• Step 3—To license server A appropriately for SQL Server Standard, you must assign it two SQL Server Standard licenses.

Figure 14 – Licensing Per Processor products by virtual processor.

clip_image002

Similarly, to count the number of licenses for BizTalk Server for server A:

  • Step 1—There are no instances of BizTalk Server running in the physical OSE. The count for this step is zero.
  • Step 2—There are instances of BizTalk Server running in two separate virtual OSEs. Each of those virtual OSEs is using one virtual processor. The count for this step is two.
  • Step 3—To license server A appropriately for BizTalk Server, you must assign it two BizTalk Server licenses.

The number of licenses required is not affected by the number of instances of the software running in a particular OSE. It is based on the number of physical or virtual processors used by each OSE running the software.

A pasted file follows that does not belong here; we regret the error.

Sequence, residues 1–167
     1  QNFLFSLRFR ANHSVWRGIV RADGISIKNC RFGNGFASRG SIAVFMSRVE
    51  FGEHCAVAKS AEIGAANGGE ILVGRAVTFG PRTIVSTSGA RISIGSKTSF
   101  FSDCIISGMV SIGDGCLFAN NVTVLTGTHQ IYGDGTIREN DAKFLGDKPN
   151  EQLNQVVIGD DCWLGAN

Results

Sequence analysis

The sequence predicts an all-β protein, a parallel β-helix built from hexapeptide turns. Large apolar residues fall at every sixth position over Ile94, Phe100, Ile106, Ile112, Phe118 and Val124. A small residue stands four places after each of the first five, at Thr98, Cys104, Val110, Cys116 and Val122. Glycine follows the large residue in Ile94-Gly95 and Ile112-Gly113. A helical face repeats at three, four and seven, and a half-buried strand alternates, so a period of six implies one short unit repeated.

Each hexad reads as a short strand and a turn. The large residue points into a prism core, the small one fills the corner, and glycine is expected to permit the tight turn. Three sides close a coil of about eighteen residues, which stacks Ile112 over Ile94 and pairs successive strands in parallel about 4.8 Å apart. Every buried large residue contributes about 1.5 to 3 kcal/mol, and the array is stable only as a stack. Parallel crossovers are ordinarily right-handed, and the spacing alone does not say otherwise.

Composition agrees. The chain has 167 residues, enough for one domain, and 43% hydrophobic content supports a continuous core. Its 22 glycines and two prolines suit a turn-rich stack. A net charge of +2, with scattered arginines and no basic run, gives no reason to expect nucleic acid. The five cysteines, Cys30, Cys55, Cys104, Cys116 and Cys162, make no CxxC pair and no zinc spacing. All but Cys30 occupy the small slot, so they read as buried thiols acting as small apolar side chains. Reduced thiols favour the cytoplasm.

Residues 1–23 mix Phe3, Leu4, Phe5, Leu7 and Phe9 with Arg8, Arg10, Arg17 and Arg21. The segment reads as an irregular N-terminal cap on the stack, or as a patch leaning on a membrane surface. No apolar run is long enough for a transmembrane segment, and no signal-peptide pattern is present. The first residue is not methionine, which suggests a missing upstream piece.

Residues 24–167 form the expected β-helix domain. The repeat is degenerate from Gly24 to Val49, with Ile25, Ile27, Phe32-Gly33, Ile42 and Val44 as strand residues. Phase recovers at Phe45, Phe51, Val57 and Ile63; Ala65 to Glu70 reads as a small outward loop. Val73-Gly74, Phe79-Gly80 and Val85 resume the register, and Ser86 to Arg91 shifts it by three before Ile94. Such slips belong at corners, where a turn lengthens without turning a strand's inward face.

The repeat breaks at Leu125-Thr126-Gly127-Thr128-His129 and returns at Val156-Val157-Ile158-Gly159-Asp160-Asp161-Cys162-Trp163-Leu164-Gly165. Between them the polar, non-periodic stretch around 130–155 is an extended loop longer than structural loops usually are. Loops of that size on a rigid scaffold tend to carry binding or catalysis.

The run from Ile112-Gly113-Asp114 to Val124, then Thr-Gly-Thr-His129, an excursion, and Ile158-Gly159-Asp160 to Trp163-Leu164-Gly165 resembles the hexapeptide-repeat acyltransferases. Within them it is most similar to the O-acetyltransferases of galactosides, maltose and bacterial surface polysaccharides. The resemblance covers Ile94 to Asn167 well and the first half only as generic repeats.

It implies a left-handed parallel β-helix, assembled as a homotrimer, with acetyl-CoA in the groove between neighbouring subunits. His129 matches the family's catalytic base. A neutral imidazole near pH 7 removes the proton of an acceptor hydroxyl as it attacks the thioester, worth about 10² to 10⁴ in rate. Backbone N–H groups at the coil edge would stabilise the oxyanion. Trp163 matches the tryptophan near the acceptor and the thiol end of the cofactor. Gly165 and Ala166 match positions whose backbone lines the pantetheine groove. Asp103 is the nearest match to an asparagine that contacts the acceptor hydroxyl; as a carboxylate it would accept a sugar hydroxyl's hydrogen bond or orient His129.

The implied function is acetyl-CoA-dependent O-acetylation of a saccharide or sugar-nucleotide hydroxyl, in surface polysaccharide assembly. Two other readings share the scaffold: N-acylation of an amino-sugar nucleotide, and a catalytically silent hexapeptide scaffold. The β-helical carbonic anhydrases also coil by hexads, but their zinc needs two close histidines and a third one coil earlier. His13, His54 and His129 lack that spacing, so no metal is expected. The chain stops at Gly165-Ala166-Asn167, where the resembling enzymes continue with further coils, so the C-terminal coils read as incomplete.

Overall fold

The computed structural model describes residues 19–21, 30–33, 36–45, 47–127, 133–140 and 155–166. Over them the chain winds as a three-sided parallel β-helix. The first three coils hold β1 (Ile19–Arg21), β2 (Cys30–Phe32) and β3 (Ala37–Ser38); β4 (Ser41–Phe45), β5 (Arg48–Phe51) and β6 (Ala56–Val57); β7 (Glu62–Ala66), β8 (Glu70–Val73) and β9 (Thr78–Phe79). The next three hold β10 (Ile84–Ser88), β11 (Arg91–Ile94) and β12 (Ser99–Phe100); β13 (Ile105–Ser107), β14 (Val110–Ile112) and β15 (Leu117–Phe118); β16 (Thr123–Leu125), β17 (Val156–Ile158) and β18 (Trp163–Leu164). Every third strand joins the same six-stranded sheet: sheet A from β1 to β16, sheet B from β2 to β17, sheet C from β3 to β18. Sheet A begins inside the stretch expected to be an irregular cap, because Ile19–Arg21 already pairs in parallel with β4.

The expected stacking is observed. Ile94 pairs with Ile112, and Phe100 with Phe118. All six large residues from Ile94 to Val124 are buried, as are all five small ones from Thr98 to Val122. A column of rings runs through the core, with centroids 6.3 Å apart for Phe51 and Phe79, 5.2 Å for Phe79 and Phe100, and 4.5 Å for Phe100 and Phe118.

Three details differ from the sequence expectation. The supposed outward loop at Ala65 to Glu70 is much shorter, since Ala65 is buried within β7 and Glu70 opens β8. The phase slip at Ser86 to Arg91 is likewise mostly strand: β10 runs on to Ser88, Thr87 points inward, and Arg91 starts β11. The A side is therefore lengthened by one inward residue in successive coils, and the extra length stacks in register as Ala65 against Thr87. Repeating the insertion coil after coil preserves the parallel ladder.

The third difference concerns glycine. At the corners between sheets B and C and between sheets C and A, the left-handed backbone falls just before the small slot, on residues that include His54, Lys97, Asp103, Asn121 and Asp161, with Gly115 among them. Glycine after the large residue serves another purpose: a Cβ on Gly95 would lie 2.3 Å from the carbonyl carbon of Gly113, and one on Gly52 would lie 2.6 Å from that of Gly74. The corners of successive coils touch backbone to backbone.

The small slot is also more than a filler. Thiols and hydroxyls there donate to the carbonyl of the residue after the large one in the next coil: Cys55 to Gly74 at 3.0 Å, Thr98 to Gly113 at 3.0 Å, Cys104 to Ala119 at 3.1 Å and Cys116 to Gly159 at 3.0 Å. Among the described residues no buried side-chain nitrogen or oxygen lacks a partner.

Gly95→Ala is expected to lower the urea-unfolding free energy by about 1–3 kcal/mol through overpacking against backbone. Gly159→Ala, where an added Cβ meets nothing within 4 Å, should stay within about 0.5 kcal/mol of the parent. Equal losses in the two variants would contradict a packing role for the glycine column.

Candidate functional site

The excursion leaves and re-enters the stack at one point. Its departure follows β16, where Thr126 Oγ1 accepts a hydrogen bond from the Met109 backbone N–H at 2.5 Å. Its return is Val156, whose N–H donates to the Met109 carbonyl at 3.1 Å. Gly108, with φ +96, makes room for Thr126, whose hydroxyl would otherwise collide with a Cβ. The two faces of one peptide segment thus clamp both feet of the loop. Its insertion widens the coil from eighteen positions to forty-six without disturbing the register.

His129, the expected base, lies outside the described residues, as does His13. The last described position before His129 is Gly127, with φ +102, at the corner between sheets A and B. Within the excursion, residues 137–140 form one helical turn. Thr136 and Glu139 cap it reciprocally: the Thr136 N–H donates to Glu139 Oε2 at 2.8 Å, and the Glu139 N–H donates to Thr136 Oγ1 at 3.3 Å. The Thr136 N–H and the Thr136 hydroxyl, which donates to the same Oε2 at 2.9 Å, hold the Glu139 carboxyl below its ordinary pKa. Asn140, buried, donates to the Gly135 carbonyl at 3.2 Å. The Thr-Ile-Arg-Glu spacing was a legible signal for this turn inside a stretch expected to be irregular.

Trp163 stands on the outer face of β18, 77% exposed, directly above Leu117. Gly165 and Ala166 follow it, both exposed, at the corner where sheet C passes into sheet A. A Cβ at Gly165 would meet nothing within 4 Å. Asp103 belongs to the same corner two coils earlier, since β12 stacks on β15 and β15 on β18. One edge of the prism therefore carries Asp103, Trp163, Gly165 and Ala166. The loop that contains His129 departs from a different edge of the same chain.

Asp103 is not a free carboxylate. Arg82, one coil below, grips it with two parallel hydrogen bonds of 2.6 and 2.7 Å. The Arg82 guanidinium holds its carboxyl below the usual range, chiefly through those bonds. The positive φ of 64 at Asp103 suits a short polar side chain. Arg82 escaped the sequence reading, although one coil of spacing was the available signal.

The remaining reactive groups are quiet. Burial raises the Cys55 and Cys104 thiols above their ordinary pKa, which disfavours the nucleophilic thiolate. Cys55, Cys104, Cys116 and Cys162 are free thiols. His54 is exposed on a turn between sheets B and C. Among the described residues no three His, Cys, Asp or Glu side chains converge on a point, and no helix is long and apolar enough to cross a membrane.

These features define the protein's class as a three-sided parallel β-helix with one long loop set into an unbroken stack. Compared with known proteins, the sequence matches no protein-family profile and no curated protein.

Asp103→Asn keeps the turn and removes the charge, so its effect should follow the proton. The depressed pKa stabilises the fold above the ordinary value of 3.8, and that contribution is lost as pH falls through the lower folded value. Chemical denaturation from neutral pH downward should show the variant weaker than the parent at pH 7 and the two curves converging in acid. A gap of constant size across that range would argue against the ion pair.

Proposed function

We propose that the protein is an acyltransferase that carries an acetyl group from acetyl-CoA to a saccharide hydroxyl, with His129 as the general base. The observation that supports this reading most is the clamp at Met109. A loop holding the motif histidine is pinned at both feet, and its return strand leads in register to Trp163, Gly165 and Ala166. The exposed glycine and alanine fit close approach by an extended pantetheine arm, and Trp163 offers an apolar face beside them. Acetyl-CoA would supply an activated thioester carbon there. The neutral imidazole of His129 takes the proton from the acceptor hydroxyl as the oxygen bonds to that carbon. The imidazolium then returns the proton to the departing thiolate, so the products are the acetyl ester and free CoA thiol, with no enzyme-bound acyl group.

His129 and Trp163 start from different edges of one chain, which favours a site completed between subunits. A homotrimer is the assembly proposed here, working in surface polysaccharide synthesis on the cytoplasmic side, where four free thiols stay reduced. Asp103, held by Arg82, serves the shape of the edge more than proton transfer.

Under this model, you may find that you assign more virtual processors to virtual OSEs than the total number of physical processors in the server. For example, in Figure 15, SQL Server Enterprise Edition is running in five virtual OSEs, each of which is using one virtual processor. Assigning five SQL Server Enterprise Edition licenses to server A is one way to license it appropriately. However, SQL Server 2005 also provides an alternative for SQL Server Enterprise Edition. With SQL Server Enterprise Edition, you may license all the physical processors on a server and then you may run any number of instances in OSEs on that server without licensing the virtual processors. This would be the most cost-effective way to license the scenario below. BizTalk Server 2006 R2 Enterprise Edition has the same licensing option.

Finally, instead of acquiring six Windows Server 2008 Standard licenses, you could acquire four Windows Server 2008 Datacenter processor licenses, one for each physical processor. You would then have the right to run any number of Windows Server instances on the licensed server. You could also acquire two Windows Server 2008 Enterprise licenses, which provide the right to run up to eight (four for each license) Windows Server 2008 instances in virtual OSEs at the same time.